In 1983, this system was replaced by Department of Transportation maintenance personnel. Again, there was no documentary evidence to establish precisely what work was done, or when it was done. There was no question, however, that the system installed in 1983 again consisted of W-beam guide rails, now supported by metal posts with the same spacing as before (approximately 12 feet between posts). This was the guide rail system in place at the bridge on the evening that the accident occurred.

According to the testimony of Mr. Edwards, the bridge girder was considered a fixed object within the clear zone of the highway, and therefore required protection to minimize its danger to the motoring public. The guide rail system was intended to prevent vehicles from colliding with this hazard.

According to claimants' expert, John Serth, a guide rail system designed to protect a motorist from colliding with a fixed object, such as the bridge girder, should provide minimal or no deflection. He testified, however, that the guide rail system installed in 1983, with metal posts, constituted a "weak post system"[2]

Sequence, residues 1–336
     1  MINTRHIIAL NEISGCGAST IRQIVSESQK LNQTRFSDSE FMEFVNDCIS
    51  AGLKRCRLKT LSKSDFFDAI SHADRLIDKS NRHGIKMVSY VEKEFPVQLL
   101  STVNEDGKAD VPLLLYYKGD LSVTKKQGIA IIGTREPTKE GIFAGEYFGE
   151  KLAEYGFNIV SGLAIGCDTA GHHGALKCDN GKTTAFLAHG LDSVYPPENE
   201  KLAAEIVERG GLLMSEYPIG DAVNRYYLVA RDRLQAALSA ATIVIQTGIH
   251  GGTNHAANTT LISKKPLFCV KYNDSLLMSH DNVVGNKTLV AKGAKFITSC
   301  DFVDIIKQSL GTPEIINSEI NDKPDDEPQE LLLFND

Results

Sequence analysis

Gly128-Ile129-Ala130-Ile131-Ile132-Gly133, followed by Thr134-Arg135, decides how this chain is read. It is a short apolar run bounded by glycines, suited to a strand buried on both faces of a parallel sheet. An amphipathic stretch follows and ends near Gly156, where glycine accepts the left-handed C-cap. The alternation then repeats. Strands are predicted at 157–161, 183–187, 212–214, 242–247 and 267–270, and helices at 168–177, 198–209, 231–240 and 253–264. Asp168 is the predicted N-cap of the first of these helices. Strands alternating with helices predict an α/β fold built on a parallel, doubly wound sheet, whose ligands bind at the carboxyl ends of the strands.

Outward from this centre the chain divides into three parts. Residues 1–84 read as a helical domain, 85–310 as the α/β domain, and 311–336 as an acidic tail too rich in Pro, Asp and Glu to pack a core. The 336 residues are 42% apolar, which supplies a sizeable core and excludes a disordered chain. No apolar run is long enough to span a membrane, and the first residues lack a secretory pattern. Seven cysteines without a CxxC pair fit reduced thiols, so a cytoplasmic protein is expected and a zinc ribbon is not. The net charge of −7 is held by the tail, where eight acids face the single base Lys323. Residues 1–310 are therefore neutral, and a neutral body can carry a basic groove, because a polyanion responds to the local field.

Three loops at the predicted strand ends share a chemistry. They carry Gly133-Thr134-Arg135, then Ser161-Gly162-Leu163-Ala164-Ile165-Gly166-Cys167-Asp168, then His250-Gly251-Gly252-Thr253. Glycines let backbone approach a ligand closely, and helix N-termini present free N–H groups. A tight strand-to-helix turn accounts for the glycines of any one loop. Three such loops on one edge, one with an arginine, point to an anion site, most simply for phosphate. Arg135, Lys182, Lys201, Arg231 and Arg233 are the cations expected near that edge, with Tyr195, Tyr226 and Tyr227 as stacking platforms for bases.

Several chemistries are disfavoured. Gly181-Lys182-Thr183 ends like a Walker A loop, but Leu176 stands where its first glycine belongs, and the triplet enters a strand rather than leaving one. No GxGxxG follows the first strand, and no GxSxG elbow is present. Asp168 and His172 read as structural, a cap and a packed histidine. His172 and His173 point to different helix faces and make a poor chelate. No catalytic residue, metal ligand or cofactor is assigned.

and provided a far greater amount of deflection than the system which it replaced.
In Mr. Serth's opinion, the system which was installed in 1983 with the weak metal posts was designed to provide approximately eight feet of deflection. In his opinion, the system, as installed, would not prevent a vehicle from striking the girder, and therefore was insufficient to accomplish its intended purpose. He concluded that if a guide rail system had been installed which provided for a zero deflection distance, Mr. Fedele's vehicle would not have struck the girder. He testified that the replacement of the guide rail system in 1983 should not have been done without an engineering study. If such a study had been performed, Mr. Serth testified that safety standards in existence at that time would have required a guide rail system with zero deflection.

Richard Church, who testified as the State's expert, testified that an engineering plan was not required for this type of project, since it was not considered a capital project, but rather was viewed as a maintenance project only, for which no engineering plan is required. He testified that the highway maintenance guidelines relied upon by Mr. Serth were not applicable to this particular type of bridge (a "through girder bridge"), and that there were no specific standards in effect for guide rail replacement on this type of structure. He concluded that the guide rail system installed in 1983 provided proper protection at the bridge location, based upon prior accident history, even though it did not prevent the accident which occurred in this claim.